The Wah effect is fairly ubiquitous in the rock guitar world. Many people have literally rocked this effect over the years. I’ve never been a huge fan of playing with wah pedals myself, although I have liked many players work with one.
I was however extremely lucky to win myself an Ernie Ball Wah Pedal over at Jemsite.com for my review work. Playing Ernie Ball’s interpretation of the wah effect has really impressed me, and now I quite like rocking the wah from time to time.
The Ernie Ball Wah Pedal is like any other regular wah pedal. It is very simple to use; step on the rocking pedal, push down with your toe to activate the wah, and rock your foot back and forth to sweep through the wah’s range.
The pedal sweeps back and forth with just the right amount of resistance. It is very easy to keep your sweeps nice and controlled, and I felt like I didn’t even have to try to avoid switching the wah bypass.
If you find the bypass switch a little to hard or soft for your liking it can be adjusted simply with a 5/8″ spanner. Turn the switch’s nut clockwise raises the switch, thereby making it easier to switch, whilst counter-clockwise lowers it, making it harder to switch off. I found the switch to be my liking at the stock height, so I haven’t felt the need to adjust it at all.
You can also run the Ernie Ball Wah from a standard nine volt battery, or Boss style negative tip AC adapter. A green LED on the left hand side of the pedal lets you know if the effect is engaged, although the sound change will be a pretty big indicator that the pedal is working!
I have found the sound of the Ernie Ball Wah to be perfect. It isn’t too muddy, nor is it too shrill and piercing. It seems that Ernie Ball have found the perfect filter range for their wah pedal for most styles of music. I predominately play rock, punk and metal, and I have found it to be the pedal wah companion for these styles.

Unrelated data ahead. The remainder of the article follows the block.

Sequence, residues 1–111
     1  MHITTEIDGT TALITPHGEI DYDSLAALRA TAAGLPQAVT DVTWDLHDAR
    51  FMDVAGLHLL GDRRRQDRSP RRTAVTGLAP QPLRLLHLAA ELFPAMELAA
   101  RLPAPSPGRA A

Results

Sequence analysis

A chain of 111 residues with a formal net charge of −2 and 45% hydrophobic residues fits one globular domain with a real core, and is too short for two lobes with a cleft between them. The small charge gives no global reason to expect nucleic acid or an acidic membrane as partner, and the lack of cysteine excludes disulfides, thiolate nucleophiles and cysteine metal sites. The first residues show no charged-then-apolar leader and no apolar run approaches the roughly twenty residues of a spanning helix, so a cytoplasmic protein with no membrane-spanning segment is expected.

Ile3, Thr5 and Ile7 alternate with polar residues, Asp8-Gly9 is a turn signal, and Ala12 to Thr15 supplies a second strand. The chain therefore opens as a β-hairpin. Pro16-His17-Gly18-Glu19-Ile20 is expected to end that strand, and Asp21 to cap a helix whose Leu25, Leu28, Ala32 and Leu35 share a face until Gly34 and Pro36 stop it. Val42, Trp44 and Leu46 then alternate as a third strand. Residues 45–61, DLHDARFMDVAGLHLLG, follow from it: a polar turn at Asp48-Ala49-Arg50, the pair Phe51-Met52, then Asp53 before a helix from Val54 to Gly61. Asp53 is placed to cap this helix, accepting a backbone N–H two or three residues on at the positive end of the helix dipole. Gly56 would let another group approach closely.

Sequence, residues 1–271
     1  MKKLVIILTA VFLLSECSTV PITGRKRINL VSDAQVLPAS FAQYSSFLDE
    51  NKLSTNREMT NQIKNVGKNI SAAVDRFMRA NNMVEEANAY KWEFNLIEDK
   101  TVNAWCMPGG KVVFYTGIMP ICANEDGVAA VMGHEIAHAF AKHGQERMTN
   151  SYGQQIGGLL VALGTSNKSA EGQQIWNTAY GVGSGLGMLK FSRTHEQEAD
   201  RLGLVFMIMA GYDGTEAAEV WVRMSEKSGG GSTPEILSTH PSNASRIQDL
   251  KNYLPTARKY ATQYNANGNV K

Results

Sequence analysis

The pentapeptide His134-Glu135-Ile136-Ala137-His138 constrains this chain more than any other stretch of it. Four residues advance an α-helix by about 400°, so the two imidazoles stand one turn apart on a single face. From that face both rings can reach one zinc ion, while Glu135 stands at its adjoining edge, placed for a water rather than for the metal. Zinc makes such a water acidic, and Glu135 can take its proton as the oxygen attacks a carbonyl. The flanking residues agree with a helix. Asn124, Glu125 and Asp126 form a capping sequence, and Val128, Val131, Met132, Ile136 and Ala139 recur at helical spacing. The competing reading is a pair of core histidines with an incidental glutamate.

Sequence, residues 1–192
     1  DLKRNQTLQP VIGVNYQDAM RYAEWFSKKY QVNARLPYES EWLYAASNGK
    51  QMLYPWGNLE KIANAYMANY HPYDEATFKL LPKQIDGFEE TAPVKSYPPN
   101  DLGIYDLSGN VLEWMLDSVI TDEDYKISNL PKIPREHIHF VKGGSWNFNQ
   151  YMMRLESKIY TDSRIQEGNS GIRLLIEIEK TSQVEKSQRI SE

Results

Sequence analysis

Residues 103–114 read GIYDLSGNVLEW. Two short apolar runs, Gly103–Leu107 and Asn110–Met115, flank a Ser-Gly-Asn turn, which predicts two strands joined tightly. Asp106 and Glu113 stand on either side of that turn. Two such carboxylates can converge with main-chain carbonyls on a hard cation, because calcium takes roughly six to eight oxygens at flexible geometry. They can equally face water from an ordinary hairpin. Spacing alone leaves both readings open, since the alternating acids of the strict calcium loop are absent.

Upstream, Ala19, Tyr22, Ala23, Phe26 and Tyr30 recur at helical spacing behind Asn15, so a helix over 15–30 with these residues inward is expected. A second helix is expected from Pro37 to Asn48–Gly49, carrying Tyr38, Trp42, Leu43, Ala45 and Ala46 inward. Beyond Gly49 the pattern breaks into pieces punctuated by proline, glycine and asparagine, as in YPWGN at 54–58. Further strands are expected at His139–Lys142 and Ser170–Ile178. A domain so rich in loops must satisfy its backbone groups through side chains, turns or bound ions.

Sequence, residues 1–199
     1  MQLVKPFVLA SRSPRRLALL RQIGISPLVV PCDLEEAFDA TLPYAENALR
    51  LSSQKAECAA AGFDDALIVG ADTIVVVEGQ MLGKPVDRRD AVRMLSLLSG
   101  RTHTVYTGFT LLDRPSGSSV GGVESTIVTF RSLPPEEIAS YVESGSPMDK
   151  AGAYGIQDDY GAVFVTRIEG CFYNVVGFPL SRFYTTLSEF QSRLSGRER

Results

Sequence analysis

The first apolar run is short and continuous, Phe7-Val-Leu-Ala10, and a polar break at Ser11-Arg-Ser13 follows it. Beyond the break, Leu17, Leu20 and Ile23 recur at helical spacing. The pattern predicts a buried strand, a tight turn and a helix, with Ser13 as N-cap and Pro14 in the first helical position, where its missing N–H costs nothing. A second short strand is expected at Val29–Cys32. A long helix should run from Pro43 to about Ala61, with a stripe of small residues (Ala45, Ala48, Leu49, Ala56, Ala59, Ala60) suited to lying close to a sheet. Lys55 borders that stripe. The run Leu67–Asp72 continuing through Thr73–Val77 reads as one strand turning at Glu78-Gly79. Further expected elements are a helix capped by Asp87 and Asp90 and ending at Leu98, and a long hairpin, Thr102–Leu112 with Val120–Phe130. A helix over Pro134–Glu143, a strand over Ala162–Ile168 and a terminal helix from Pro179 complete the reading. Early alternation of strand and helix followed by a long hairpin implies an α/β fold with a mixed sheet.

With a clean setting on my Blackstar HT-5 the Ernie Ball Wah sounds great both through single coil and humbucker pickups, It gets great funk sounds, without getting overly shrill, and clean blues sounds sweet as well. It sounds particularly sweet when playing slow single note blues phrasing.
I did find that with higher output pickups that the wah did distort a little at the high end of the wah sweep, but it’s not really an issue. I found that it added some character to my playing.
Give it some dirt and the Ernie Ball Wah shines. It sounds ballsy and tough, and really suits high gain lead tones. You don’t have to worry about any really shrill tones, and the lower ranges sound really fat without getting too flabby.
Slower passages, and fast shreddy licks both sounded fantastic. I think you would be hard pressed to look past the Ernie Ball Wah if you play lead guitar in a rock or metal setting.
Ernie Ball saw fit to install true-bypass switching, so the Wah will not affect your bypassed signal in any way. The switch does not introduce any clicking sounds in to the signal either.
The Ernie Ball Wah is built like a tank! It has a solid aluminium enclosure, with a nice grippy surface on the rocker pedal itself. The switches and jacks all feel extremely solid, and are built to endure many, many stage performances by even the roughest of players.
Overall I believe the Ernie Ball Wah is the perfect wah pedal if you play blues, rock and metal guitar. It’s rock solid construction, combined with it’s fantastic tone and true-bypass switching make it perfect for the stage or studio. It may be a little more expensive than some of the established wah pedals, but I believe it is worth a look at if you are in the market for a wah.